Turning down the master fader will absolutely gain you headroom.
Old 13th March 2014
  #39
Lives for gear
 
stinkyfingers's Avatar
 

you can clip the master fader in ableton. only one i found that does. i can't test them all though.
Old 13th March 2014
  #40
If you lower the master fader, does the clipping go away?
You're probably just clipping your interface and not the internal master bus in Ableton.
Old 14th March 2014
  #41
Lives for gear
 

Quote:
Originally Posted by chronmaster View Post
The clipping is still happening, just at a different stage. The sum of your channels is causing your master to clip, then you pull your master fader down to "gain" headroom, but the clipping is done.
.
I'm sorry but this is incorrect. In DAWs if he is pulling down the master fader he will unequivocally gain more headroom, the clipping is by no means done, it isn't present at all.
Old 14th March 2014
  #42
Lives for gear
 

I can just see the future of mixing coming to this... "gimme that *rappers name* sound!"

oh you mean the one where i just turn all the faders to +12 and lower the master fader?

lol... smh
Old 14th March 2014
  #43
Quote:
Originally Posted by bgrotto View Post
No.

No, no, no.

A million times: no.



That's not how the mix buss on any modern DAW works. It is impossible to clip the master fader. Hell, it's impossible to internally clip ANY part of the DAW mixer. It can't be done.

Turning down the master fader will absolutely gain you headroom.
Are you telling me that if I take a channel fader that has signal peaking at 0db and turn it up by 12db, it will not internally clip? Or, if I insert a gain plugin on the same channel and pump the gain by 24db, it won't internally clip? I can hear it clipping...
Old 14th March 2014
  #44
Lives for gear
 
stinkyfingers's Avatar
 

Quote:
Originally Posted by con_thafam View Post
If you lower the master fader, does the clipping go away?
You're probably just clipping your interface and not the internal master bus in Ableton.
clipping does go away when lowering the master fader.
it is not D/A clipping, i have tested by routing ableton's output through soundflower to an analyzer.
doing the same with logic or reaper will pass the 32 bit float (unclipped) signal.
Old 14th March 2014
  #45
Lives for gear
 

In Pro Tools no, it wont sound clipped with every mix fader at +12 and the master fader low.

However!

In doing that, you wont have a stable platform for mastering as the true spacing of the mix will be so warped.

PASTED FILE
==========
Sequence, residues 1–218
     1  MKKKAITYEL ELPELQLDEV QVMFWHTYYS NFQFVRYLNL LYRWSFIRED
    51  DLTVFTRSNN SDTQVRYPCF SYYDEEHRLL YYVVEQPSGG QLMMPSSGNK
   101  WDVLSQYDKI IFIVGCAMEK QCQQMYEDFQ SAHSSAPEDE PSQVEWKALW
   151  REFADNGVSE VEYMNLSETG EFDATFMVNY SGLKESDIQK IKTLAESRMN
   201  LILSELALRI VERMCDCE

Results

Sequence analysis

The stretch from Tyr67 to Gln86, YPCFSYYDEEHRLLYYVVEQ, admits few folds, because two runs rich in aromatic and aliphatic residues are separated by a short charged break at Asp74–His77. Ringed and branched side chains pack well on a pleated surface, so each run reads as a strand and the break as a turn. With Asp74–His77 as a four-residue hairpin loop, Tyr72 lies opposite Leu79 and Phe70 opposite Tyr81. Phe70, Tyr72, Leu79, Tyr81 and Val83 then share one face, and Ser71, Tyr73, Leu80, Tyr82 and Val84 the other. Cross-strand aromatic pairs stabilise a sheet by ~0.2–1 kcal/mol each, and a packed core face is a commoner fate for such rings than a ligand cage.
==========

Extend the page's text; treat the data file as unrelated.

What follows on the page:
So do it cuz you like the sound, but dont call it mixing.
Old 14th March 2014
  #46
Quote:
Originally Posted by Claborn View Post
I can just see the future of mixing coming to this... "gimme that *rappers name* sound!"

oh you mean the one where i just turn all the faders to +12 and lower the master fader?

lol... smh
That "sound" would be identical to keeping the faders closer to unity.

Also, if the channel faders are at +12dB, that'd be a good indication that the tracking engineering was using very conservative levels, which means virtually no chance of clipping plugins (or any other signal path), which means cleaner audio.

The only potential downside would be if you're using those damn Waves plugins with the "modeled analog noise" (x1,000,000) and your SNR ended up getting outta hand.

Quote:
Originally Posted by chronmaster View Post
Are you telling me that if I take a channel fader that has signal peaking at 0db and turn it up by 12db, it will not internally clip? Or, if I insert a gain plugin on the same channel and pump the gain by 24db, it won't internally clip? I can hear it clipping...
It is not clipping the Pro Tools mixer. You can solve the problem you hear simply by turning down the master fader, with no damage whatsoever to the waveform.

You should read the Digi/Avid white papers; it's very important for a professional to have at least a basic understanding of how his tools work.

Quote:
Originally Posted by Claborn View Post
In Pro Tools no, it wont sound clipped with every mix fader at +12 and the master fader low.

However!

In doing that, you wont have a stable platform for mastering as the true spacing of the mix will be so warped.
So do it cuz you like the sound, but dont call it mixing.
What does this even mean? "The true spacing"?

Can you elaborate?
Old 14th March 2014
  #47
Lives for gear
 

@bgrotto if the end result sounds the same, why not then encourage correct mixing practices? A well mixed song sounds great, with every aux and master fader at 0db.

yes you can achieve "similar" results by other methods but, again, thats not mixing.